Second American Contracts Bird Flu From Dairy Cows

( – The Centers for Disease Control has announced that a second American has contracted Bird Flu that’s been tied to dairy cows.

A fifty-five-year old dairy worker became ill after working with bird flu-infected cattle. An upper respiratory sample tested negative for the virus but an eye sample tested positive for Bird Flu. Before this, a Texas farm worker was diagnosed in March. Both of the patients suffered from pink eye or conjunctivitis and neither showed any signs of a respiratory infection.

“Conjunctivitis has been associated with previous human infections with avian influenza A viruses and is part of the current CDC case definition for Bird Flu surveillance,” said the CDC.

They continued, “While it’s not known exactly how eye infections result from avian influenza exposures, it may be from contamination of the eye, potentially with a splash of contaminated fluid, or touching the eye with something contaminated with the virus, such as a hand.”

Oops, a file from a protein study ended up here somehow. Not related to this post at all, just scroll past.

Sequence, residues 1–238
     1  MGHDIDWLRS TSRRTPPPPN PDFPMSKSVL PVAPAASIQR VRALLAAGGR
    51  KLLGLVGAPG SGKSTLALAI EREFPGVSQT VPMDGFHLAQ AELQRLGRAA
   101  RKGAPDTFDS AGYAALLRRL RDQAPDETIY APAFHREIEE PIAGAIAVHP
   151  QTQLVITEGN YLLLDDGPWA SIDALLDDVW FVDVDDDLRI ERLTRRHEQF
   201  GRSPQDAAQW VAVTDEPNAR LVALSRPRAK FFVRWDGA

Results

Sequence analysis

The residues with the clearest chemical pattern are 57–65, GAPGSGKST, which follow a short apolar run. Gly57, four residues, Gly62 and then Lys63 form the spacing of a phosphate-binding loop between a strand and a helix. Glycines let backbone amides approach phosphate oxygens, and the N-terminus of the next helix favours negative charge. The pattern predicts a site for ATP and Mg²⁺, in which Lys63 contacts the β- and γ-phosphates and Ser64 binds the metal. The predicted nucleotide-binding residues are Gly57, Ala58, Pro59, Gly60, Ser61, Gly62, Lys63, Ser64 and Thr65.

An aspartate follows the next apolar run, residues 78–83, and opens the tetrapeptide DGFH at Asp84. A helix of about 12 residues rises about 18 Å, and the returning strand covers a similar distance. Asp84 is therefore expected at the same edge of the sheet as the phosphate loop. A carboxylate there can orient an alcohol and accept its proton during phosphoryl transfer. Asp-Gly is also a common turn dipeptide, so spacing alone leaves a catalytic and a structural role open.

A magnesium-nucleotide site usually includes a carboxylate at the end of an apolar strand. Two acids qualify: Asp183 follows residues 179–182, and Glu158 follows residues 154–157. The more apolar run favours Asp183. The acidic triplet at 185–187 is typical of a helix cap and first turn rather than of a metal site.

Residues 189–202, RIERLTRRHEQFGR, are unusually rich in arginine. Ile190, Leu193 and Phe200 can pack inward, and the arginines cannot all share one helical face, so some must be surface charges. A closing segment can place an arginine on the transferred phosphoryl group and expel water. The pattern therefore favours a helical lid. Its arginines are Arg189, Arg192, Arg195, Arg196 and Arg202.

The United States Department of Agriculture has said that almost fifty dairy herds across nine different states have been exposed to the Bird Flu.

With this, the CDC still said that the health risk to humans is very low, saying, “Based on the information available, this infection does not change CDC’s current H5N1 bird flu human health risk assessment for the U.S. general public, which the agency considers to be low.,” the CDC said.

Officials are still monitoring the outbreak but they have said that pasteurized dairy milk is still safe to drink. “At no time were animals that are sick from H5N1 or any other animal disease permitted to enter into our food supply,” according to USDA official Eric Deeble.

The CDC is also encouraging Americans to avoid any exposure to dead animals, and animal waste, and to avoid drinking any raw milk.

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